# Delta function of a function with multiple zeros

1. Aug 27, 2008

### maverick280857

Hi everyone,

I was wondering how to deal with delta functions of functions that have double zeros.

For instance, how does one compute an integral of the form

$$\int_{-\infty}^{\infty}dx g(x)\delta(x^2)$$

where g(x) is a well behaved continuous everywhere function?

In general how does one find

$$\int_{-\infty}^{\infty}dx g(x)\delta(f(x))$$

where f(x) has a finite number of multiple zeros along with some simple zeros. I know that

$$\delta(f(x)) = \sum_{i=1}^{N}\frac{\delta(x-x_{i})}{|f'(x_{i})|}$$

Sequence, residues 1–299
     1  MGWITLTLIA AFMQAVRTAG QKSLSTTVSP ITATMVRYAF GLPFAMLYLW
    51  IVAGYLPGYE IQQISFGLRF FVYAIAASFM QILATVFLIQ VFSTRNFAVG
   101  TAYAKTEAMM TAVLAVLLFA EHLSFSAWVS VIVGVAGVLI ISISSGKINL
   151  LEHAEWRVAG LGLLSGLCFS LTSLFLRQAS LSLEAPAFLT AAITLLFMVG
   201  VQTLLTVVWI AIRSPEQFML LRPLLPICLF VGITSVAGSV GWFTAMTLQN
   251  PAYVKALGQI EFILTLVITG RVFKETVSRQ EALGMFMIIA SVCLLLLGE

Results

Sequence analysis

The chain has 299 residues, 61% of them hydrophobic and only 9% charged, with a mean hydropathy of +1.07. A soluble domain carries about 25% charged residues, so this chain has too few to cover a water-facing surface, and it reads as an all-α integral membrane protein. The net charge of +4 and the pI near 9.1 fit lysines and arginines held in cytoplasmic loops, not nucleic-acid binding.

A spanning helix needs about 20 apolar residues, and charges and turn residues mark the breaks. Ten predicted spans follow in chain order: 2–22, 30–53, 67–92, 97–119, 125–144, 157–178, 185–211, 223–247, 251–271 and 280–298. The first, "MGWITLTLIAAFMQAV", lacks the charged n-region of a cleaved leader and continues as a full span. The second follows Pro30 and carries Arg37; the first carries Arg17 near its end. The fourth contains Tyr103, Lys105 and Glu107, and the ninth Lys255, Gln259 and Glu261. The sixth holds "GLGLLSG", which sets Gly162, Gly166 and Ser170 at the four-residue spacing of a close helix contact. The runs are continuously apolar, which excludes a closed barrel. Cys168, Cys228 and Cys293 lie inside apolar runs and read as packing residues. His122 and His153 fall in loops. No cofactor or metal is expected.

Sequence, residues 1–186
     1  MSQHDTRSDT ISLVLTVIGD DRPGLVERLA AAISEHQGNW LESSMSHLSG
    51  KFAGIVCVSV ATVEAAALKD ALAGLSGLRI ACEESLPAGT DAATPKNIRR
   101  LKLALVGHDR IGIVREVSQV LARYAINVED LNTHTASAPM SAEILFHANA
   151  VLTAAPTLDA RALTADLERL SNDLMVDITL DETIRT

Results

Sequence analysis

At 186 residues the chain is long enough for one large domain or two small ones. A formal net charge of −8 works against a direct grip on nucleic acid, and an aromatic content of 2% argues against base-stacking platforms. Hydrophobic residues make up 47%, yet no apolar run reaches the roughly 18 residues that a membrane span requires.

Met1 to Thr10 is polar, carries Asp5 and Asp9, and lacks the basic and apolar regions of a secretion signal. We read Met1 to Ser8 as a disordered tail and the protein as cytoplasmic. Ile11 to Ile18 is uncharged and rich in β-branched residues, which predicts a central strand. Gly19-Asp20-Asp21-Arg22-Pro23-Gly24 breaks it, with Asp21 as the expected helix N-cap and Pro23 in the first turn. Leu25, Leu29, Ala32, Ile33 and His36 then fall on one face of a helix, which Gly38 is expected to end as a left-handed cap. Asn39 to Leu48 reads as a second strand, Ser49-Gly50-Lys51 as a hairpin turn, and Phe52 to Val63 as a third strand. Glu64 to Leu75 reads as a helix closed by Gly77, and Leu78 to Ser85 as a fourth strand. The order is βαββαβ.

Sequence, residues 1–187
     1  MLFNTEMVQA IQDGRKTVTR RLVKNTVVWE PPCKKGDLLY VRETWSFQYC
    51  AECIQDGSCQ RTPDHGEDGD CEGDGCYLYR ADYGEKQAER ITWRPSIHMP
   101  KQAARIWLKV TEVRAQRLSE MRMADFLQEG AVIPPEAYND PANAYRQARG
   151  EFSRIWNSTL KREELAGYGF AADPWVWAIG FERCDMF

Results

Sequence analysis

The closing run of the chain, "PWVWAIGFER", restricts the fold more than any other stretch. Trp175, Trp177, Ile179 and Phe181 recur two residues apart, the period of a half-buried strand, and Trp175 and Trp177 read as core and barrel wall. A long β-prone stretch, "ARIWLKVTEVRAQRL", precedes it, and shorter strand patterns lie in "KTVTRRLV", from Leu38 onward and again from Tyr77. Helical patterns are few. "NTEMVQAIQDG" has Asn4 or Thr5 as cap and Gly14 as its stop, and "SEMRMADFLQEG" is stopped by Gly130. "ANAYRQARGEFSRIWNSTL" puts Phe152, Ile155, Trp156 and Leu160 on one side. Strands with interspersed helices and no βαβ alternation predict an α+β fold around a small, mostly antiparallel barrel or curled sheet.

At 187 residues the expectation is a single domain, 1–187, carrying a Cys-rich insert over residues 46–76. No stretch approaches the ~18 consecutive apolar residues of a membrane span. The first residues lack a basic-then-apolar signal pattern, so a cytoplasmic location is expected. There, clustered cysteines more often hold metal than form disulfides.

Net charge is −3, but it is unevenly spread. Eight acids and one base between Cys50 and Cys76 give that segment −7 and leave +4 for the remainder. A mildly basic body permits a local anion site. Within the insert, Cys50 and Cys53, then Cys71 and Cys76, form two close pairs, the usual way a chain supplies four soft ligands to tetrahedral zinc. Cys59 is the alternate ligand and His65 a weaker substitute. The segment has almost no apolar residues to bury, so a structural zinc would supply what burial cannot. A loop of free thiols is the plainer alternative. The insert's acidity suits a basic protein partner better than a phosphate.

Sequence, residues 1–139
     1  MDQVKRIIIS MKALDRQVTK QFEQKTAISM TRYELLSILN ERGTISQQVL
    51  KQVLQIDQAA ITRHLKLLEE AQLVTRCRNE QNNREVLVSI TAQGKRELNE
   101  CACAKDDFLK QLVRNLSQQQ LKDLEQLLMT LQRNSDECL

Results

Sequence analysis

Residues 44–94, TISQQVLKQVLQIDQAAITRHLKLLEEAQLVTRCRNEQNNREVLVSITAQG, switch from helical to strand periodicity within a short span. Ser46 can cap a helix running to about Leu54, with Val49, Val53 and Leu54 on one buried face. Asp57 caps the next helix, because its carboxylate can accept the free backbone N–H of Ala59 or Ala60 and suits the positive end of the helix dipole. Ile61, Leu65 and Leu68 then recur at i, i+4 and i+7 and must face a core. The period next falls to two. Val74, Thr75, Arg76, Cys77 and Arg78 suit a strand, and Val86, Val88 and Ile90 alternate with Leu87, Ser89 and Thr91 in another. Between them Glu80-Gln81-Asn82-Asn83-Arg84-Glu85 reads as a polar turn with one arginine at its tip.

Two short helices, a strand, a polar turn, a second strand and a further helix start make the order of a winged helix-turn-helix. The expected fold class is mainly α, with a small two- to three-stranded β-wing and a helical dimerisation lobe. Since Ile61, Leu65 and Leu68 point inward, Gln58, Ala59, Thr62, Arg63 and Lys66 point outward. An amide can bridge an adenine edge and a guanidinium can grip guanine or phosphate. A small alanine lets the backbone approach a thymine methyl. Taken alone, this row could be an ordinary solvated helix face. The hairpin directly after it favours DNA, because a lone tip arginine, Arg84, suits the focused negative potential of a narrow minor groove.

where $x_{i}$'s (for i = 1 to N) are simple zeros of $f(x)$ and it is known that $f(x)$ has no zeros of multiplicitiy > 1.

but this is of course not valid here. Using this, however I could write

$$\delta(x^2-a^2) = \frac{1}{2|a|}\left(\delta(x-a) + \delta(x+a)\right)$$

But the limit of this as $a \rightarrow 0$ tends to infinity.

Any ideas?

Cheers.

2. Aug 27, 2008

### haushofer

Maybe this link helps you: